KORIYAMA, Fukushima Prefecture--Two years ago, Misaki Ageishi was promoting peaches grown in Fukushima Prefecture at a department store in Yokohama as a member of the Miss Peach Campaign Crew.

A woman spoke to Ageishi, saying, “It is delicious, where was it grown?”

When Ageishi proudly replied that it was “grown in Fukushima,” the woman spit it out, indicating she feared the peaches were contaminated with radiation.

That experience helped inspire Ageishi, 20, to become a radio personality so she can “squarely face” the difficulties confronting her home prefecture, which was heavily impacted by the nuclear crisis triggered by the 2011 Great East Japan Earthquake and tsunami.

In April, Ageishi, who is a junior at Fukushima University, started working for an FM Fukushima’s radio show themed on the 2011 disaster.

When she toured regions across Japan as part of the Miss Peach promotional campaign, Ageishi felt many people’s impressions of Fukushima Prefecture had not improved since immediately after the earthquake struck the prefecture.

When she visited the crippled Fukushima No. 1 nuclear power plant last summer, Ageishi realized what a grave impact the nuclear crisis had and how difficult it is to decommission the reactors.

After that, she came to believe that she should not criticize people simply because they misunderstand the situation of Fukushima Prefecture.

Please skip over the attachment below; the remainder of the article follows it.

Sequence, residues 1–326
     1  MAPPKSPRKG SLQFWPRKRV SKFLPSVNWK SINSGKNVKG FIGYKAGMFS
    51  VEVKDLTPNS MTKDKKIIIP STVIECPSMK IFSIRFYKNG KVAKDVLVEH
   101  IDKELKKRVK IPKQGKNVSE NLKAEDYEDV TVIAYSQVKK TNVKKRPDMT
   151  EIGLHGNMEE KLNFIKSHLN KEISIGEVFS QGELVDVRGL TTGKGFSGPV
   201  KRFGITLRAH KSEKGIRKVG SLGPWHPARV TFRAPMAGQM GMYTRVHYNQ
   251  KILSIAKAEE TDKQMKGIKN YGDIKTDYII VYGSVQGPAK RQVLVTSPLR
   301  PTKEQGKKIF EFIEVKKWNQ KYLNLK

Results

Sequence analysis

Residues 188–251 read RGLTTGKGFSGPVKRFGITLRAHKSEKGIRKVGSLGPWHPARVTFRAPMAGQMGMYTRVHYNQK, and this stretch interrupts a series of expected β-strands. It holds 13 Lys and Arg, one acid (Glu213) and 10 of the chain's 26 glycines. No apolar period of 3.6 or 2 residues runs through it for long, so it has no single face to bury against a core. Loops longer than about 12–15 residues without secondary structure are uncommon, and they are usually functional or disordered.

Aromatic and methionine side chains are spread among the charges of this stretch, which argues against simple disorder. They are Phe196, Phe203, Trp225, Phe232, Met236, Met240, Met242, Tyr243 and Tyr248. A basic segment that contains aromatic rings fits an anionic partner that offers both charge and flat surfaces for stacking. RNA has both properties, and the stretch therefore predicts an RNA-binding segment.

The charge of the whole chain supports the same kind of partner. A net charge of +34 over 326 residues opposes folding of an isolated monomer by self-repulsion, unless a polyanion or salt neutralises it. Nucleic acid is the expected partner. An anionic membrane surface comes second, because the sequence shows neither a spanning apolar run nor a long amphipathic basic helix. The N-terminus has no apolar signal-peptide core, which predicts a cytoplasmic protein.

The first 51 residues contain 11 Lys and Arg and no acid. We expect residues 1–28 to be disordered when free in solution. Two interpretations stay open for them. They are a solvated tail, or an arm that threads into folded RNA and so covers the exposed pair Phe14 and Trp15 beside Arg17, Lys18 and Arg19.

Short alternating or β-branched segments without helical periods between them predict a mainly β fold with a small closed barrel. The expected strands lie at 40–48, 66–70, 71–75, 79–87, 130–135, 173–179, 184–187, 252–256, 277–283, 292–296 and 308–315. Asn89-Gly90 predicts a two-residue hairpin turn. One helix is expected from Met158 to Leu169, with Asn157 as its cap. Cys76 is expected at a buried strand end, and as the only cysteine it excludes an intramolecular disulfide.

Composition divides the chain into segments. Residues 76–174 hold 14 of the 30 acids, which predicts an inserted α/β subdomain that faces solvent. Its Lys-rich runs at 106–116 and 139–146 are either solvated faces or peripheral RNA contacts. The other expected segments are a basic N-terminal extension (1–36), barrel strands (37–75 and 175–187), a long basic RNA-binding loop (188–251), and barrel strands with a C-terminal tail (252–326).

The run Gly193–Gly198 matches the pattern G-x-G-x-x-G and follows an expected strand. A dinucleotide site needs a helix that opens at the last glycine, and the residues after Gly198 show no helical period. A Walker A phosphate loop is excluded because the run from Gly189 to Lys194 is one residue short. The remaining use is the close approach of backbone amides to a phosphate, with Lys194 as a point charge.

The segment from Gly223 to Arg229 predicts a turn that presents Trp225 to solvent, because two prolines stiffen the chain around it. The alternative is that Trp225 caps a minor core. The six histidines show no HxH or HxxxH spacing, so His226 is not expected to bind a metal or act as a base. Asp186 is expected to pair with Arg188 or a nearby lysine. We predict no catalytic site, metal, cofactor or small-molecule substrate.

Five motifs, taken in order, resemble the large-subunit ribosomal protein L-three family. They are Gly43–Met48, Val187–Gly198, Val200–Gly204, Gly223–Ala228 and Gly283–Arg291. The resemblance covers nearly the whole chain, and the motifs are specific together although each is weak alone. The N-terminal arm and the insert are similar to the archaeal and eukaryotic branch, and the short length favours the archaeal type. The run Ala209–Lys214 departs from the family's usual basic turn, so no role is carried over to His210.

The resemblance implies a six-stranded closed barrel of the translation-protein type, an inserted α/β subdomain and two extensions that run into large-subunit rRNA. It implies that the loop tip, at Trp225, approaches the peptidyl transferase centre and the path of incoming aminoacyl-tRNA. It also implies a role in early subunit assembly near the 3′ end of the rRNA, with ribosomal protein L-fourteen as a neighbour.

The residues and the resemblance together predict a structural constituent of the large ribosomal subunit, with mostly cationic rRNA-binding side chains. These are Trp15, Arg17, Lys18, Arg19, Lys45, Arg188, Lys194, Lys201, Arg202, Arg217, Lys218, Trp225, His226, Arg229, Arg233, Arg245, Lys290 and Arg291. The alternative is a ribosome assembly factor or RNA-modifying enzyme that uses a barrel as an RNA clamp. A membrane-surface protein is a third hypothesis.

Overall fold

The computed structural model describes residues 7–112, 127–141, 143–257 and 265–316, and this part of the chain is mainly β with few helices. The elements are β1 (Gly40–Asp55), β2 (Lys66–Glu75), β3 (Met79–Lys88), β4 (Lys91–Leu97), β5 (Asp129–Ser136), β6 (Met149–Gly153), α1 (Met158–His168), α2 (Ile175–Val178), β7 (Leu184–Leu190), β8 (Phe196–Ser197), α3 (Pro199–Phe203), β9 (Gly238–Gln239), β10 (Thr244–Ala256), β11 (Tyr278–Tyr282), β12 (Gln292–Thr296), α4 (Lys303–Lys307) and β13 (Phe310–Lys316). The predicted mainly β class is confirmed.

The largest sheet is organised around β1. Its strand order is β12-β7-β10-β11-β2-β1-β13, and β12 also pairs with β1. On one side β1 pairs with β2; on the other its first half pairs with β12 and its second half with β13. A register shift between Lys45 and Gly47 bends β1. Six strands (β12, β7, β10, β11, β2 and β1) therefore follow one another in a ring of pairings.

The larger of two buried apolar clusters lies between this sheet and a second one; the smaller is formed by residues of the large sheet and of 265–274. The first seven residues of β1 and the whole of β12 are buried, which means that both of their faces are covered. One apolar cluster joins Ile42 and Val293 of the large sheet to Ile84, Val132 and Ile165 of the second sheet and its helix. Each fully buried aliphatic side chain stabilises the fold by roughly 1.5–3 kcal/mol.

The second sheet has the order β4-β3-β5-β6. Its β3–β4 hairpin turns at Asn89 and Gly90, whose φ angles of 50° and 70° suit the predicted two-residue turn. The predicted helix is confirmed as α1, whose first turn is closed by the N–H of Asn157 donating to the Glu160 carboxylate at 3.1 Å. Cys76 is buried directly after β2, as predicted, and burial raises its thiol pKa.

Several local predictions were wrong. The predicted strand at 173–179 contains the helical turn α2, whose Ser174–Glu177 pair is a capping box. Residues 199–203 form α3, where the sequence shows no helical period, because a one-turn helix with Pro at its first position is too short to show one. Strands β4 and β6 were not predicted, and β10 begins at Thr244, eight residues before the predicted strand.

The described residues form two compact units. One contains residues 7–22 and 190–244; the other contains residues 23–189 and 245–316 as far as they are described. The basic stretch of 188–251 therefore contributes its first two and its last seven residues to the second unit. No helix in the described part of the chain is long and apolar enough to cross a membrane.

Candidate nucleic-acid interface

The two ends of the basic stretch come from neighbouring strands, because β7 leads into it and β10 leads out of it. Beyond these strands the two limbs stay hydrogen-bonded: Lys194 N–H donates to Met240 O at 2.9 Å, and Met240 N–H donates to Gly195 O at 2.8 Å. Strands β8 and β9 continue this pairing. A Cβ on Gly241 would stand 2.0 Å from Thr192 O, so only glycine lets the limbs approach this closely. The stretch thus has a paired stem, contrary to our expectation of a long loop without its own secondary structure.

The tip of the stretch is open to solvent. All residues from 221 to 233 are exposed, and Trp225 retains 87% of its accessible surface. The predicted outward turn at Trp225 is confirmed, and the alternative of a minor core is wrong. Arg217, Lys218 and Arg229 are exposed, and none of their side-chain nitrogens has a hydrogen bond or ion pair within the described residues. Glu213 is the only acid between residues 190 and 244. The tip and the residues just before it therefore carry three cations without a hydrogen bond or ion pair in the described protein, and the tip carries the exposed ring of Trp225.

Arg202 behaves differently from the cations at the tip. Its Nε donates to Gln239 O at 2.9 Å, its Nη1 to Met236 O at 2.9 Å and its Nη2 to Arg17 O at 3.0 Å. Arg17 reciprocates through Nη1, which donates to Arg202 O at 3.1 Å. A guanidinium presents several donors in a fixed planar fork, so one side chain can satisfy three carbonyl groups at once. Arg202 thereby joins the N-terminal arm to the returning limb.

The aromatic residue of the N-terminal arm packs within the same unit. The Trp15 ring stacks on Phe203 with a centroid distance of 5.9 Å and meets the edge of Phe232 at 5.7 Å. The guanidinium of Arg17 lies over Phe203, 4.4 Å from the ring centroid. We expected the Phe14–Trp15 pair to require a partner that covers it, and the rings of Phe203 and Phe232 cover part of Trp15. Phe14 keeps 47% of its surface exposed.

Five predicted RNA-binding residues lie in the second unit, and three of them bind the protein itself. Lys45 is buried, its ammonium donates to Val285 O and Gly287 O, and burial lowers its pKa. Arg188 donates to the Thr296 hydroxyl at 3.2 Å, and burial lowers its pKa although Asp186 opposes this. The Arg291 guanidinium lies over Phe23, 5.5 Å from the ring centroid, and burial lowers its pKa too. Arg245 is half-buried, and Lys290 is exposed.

In early March this year, Ageishi attended an exhibition in Tokyo for Fukushima-produced products.

A male shopper told her, “Do not bring ‘nuclear souvenirs’ in here.” Now, Ageishi could smile and reply, “You must be joking, but you should not say such a thing even as a joke.”

Ageishi decided to become a personality for a local radio program after visiting the Fukushima plant to view the decommissioning work. An announcer who accompanied Ageishi invited her to “organize a show together.”

In her first show on April 23, Ageishi, who was in the second year in her junior high school at the time of the 2011 disaster, explained why she accepted the position.

“I saw the disaster as somebody else's affair to some extent then,” Ageishi said during the day’s program. “But I have come to think there are things I have to face squarely as a person living in the disaster-devastated region.”